Why is health insurance important?

Enrolling in high-quality health insurance can also help you avoid large medical bills that can cause financial hardship and even medical bankruptcy. With health insurance, you can receive care in the following situations:

  • Preventive services to help you avoid serious illness.
  • Medical care for existing conditions.
  • Treatment of new health problems, such as chronic illnesses or injuries.

Understand your options

Health insurance can be confusing. The good news is that there are several resources that can help you understand and compare health plans:

Summary of benefits and coverage:

If you have a private health plan through your employer or bought it on your own, you get a standardized, easy-to-understand form called a Summary of Benefits and Coverage (SBC). You can use it to compare different insurance costs and options. If they didn’t provide it, ask your insurer for it.

To see an example of this short form and find out how it can help you, Consumer Reports magazine has created this handy guide.

Glossary of health insurance terms:

The US Department of Health and Human Services created a glossary of common terms related to health insurance, such as “deductible,” “copayment,” and “out-of-pocket limits.”

Payment for health care or medical insurance

If you don’t already have health insurance or are interested in switching to a new plan, you can buy one on your own through the Affordable Care Act (ACA). The ACA allows eligible individuals and families to receive financial help to cover the cost of premiums. This subsidy, known as the Health Insurance Premium Tax Credit, helps people who need health insurance pay for their coverage. Resources like HealthSherpa.com(link opens in new window) and Healthcare.gov can help you find out if you qualify for the tax credit. In addition, they can help you compare different health insurance plans available in your state. They can also tell you if you qualify for programs like Medicare or Medicaid.

What are the Options of No Expiration of Life Insurance?

We can credit our favorite kite-flying ancestor, Benjamin Franklin, with playing a major role in founding the life insurance industry in the United States in the 18th century,1 but it wasn’t until the mid-19th century. , which created a regulatory infrastructure for the industry.2 Insurance regulations were developed to protect consumers in three main areas: the financial capacity of insurance companies, the products they sell, as well as market behavior and prevention. of unfair business practices.

Almost all of the regulations that life insurance companies must follow are state laws and not federal laws. Each state has a state insurance department, which means that a life insurance company operating in each state must adhere to the applicable laws of the state in which it operates.

The National Association of Insurance Commissioners (NAIC) is the United States standards-setting and regulatory support organization, created and governed by the major insurance regulators of the 50 states, the District of Columbia and five US territories. The NAIC acts as a forum for the creation of model laws and regulations, but generally, each state decides whether to pass these model laws and regulations. States are allowed to make changes during the enactment process, but model laws and regulations are widely adopted.2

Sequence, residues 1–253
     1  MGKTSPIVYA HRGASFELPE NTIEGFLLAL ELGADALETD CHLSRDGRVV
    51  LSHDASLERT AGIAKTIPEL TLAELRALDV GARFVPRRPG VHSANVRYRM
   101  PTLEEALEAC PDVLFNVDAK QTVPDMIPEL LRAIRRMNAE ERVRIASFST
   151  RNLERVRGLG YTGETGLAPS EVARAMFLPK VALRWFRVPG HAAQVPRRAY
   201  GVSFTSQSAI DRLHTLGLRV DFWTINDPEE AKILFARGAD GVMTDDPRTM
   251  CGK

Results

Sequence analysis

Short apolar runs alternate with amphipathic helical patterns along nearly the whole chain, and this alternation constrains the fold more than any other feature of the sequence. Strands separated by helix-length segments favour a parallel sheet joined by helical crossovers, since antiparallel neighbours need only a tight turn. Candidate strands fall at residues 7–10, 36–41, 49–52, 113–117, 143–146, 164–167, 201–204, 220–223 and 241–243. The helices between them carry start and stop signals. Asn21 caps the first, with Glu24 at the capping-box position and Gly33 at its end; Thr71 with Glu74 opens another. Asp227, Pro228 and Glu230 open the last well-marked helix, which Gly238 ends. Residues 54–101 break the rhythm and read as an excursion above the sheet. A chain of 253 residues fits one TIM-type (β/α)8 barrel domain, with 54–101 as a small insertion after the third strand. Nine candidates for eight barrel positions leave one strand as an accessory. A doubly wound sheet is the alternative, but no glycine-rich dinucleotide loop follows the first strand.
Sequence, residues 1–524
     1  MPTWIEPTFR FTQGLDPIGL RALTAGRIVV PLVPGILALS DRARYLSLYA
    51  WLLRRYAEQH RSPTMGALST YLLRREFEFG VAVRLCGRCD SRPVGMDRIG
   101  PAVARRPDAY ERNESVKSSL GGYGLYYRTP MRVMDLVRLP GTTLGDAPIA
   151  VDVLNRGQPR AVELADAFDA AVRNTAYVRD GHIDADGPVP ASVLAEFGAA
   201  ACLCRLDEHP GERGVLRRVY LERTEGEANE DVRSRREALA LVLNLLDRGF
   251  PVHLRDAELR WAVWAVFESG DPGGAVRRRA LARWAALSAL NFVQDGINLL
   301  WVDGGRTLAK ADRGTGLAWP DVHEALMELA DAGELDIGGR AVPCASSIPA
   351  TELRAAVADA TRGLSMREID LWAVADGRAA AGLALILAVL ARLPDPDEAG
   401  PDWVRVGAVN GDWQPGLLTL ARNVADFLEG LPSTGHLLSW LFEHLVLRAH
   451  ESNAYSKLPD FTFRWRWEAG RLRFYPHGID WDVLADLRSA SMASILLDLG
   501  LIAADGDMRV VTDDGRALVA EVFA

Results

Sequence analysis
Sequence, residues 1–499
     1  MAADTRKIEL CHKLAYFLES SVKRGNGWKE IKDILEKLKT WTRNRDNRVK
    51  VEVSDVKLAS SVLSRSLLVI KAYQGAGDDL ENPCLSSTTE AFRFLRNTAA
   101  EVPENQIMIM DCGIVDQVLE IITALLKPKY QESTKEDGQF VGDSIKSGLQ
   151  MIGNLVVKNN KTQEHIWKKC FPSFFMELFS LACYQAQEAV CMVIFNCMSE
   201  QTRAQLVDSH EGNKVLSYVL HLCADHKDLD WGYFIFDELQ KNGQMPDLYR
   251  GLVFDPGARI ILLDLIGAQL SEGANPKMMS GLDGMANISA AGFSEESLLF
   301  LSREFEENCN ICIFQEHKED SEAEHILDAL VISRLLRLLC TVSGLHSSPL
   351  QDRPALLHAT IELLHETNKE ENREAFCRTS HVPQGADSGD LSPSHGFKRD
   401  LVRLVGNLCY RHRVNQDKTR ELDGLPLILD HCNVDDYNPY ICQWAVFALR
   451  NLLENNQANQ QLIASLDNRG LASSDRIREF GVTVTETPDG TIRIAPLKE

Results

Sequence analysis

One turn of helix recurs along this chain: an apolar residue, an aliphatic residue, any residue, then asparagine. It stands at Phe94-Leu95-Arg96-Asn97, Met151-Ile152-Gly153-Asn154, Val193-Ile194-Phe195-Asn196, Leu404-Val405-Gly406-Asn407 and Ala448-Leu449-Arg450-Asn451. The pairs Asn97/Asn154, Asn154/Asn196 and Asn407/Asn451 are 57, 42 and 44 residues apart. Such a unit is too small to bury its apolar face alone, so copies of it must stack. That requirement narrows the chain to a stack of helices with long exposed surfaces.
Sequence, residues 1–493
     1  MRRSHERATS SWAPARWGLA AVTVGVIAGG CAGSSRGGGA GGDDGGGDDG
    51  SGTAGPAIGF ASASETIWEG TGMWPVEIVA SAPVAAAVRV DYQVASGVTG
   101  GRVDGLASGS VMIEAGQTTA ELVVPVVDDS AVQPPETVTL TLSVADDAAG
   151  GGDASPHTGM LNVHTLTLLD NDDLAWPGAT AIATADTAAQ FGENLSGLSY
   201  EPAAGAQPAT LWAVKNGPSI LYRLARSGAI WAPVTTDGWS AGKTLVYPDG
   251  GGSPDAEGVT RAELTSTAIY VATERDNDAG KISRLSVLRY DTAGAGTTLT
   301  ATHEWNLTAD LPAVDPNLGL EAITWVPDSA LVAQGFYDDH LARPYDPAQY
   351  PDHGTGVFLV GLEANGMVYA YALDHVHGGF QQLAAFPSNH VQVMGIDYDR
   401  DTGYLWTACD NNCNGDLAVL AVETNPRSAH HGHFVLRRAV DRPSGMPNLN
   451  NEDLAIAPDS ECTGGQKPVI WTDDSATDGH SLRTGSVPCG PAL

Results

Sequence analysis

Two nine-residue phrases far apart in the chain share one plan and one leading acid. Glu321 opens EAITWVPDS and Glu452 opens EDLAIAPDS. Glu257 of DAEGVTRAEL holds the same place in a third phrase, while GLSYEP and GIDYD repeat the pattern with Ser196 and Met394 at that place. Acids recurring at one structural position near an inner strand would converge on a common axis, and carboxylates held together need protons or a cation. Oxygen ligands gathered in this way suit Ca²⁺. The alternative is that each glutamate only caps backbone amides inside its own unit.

Special Circumstances

Life insurance is a contract

in which you agree to pay the policy premiums to the insurance company, and the insurance company agrees that, upon your death, it will pay your designated beneficiary the death benefit you have selected, if the benefit is payable under the policy provisions. Like any other legal contract, life insurance policies have rules and provisions depending on the type of policy you purchase.

Sometimes people stop paying their life insurance premiums. In some policies, the policy ends after a grace period, but if the policy has a cash value, state law prevents insurance companies from canceling the policy and keeping the cash value.

An option (or clause) of no expiration

is a provision included in certain life insurance policies that states that an insured will not lose the value of the policy if the policy expires after a defined period due to unpaid premium payments. The non-forfeiture clause may also be available when the owner of some life insurance policies renounces (actively cancels) the policy. Carefully compare the consequences of canceling your original policy, which also cancels the death benefit of your policy.

Permanent life insurance policies generally have three standard payment options in the non-forfeiture clause.

Cash Surrender Value

If the insured chooses the cash surrender option, the insurance company pays the cash value to the policy owner as a lump sum. At that time, the policy is canceled and cannot be reactivated; the liability of the insured under the contract ends. Most states allow insurance companies up to six months to pay the cash surrender value.

Extended Term Option

This option allows the policy owner to use the cash value of their policy to place the policy on extended term insurance. This option also helps the policy owner stop paying premiums for the original policy.5 The term of the new policy will depend on the available cash values ​​in the policy.5 A policy converted to term insurance can be reinstated under the reinstatement provision of the contract, as long as the term has not expired.

Reduced Total Payment Insurance

Choosing this option means that the cash value of the policy is used to purchase a paid policy of the same type as the policy that lapsed. The insured will not have to pay more premiums. The new policy will have a reduced death benefit, but will retain a cash value that will increase over the life of the policy at a reduced rate.


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